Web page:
By on March 23, 2016

2017 Toyota Prius Prime Front 3/4, Image: Toyota

In the nearly 20 years it’s been on the market, the Toyota Prius has become an icon of eco-friendly motoring. Now, Toyota wants to build on the legend with a new, more upmarket version called Prius Prime. It comes equipped with plug-in charging, but it should be much more than the previous-generation Prius Plug-In. While the Plug-In was basically nothing more than a basic Prius with a larger battery and electric plug, the Prime is supposed to add style and luxury.

From the outside, it’s still evident that the Prime is built on the same bones as the standard Prius, with identical exterior dimensions and similar basic lines, but the details are noticeably different. The front end is much more aggressive, with a blacked-out “grille” area, segmented headlights and teardrop-shaped running and fog lights in the bumper.

In the rear, the huge taillight forms a shape similar to the one on the current generation Charger. Toyota is eager to point out that the new car is no “aero jellybean.” Instead, the car is said to be “daring the wind to stay in its way.”

Overall, the Prime continues in the aggressive direction set up by the 2016 Prius and takes it one step further. Whether this “muscle hybrid” approach will sit well with the traditional Prius customers remains to be seen.

2017 Toyota Prius Prime Rear 3/4, Image: Toyota

It’s not all just about looks. The Prime receives a new, 8.8 kWh battery pack. That’s twice the size of its predecessor, doubling the range in fully electric mode to 22 miles. According to Toyota, this should be enough to cover the daily commuting needs of more than a half of U.S. drivers. Recharging the batteries will take 5.5 hours via a standard household outlet, or less than half the time from a 240V plug.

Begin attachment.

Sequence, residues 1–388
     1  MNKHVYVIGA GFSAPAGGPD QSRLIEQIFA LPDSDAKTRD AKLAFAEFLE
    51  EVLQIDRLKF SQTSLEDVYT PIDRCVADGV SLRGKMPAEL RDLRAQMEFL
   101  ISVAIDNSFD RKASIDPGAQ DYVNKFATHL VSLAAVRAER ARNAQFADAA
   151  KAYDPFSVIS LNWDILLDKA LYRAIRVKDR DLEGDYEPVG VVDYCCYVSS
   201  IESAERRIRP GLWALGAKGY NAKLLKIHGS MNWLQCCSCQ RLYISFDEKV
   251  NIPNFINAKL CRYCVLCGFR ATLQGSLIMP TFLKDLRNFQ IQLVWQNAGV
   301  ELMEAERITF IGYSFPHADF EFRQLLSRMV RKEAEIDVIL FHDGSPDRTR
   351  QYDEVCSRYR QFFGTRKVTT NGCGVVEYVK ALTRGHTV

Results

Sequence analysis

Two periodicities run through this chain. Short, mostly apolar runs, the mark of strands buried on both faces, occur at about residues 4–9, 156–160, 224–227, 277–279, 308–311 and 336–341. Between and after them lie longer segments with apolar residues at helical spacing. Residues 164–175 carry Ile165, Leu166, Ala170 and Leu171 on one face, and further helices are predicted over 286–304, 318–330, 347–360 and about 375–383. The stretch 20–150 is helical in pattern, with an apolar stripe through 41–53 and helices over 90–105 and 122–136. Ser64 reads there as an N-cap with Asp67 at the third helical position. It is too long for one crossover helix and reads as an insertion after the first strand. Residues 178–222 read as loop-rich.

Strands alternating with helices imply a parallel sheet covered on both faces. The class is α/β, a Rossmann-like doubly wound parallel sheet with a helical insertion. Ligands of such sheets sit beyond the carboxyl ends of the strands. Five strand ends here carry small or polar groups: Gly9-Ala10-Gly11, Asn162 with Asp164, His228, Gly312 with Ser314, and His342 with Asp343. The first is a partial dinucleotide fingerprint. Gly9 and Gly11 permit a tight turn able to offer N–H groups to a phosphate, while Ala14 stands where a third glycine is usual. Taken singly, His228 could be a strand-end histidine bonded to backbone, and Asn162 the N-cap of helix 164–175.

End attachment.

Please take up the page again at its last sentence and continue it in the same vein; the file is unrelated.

Another difference in comparison with the previous generation, or any other hybrid Toyota for that matter, is that the Prius Prime uses a dual-motor drive system where the generator can be used to provide the driving force as well as the main electric motor. This helps the Prius Prime to achieve more agility in full electric mode, moving its electric top speed to 84 miles per hour, and allows it to spend more time in electric drive, even if driving in standard hybrid mode.

The other part of the Toyota’s Hybrid Synergy Drive is once again a 1.8-liter four-cylinder engine, known from the standard Prius. It’s an Atkinson cycle mill like the standard Prius engine and provides 40-percent thermal efficiency.

The whole drivetrain is said to achieve 120 miles-per-gallon-equivalent in electric mode, whatever that means for real-world consumption. More importantly, the real mpg figures remain the same or slightly better compared with the standard car (54/50 mpg).

Inside, the focal point is the new 11.6-inch infotainment screen with advanced smartphone connection. You can now control the car’s AC from a smartphone, manage its charging schedule, find charging stations, and — of course — compare your eco-driving score with others on social media. The last feature will be undoubtedly loved by everyone driving behind the heroic eco-warriors trying to out-do their Facebook friends.

Get the latest TTAC e-Newsletter!

48 Comments on “NYIAS: 2017 Toyota Prius Prime – Eco-Warrior Goes Posh...”

  • avatar

    Hrm, this seems like a really nice alternative to a Volt. Maybe a pre-emptive shot at the Tesla 3?

    • 0 avatar

      I’ve got a C-Max plug in that’s pretty great. I’ll be interested to check this out when my lease comes up in a few years.

    • 0 avatar

      >>”Maybe a pre-emptive shot at the Tesla 3?”

      Not a very good shot at the Model 3 if that’s the intention. The Prius is a smaller car than the Tesla 3. About 10 inches shorter and about 3 or 4 inches narrower. The Bolt has the same issue – it’s about 20 inches shorter than the Model 3 and costs more.

  • avatar

    Twitter has been around for ten years and the Prius for twenty.

    I’m old…

    • 0 avatar

      You old, psarhj, old. I’m older than you. Conceived in Truman, born in Ike, just hours before the first Corvette rolled off the line.

      This thing actually looks pretty good. I never thought I’d say that about a Prius. Sounds good, too. But I enjoy a clutch too much to get one of these. (See, I’m old.)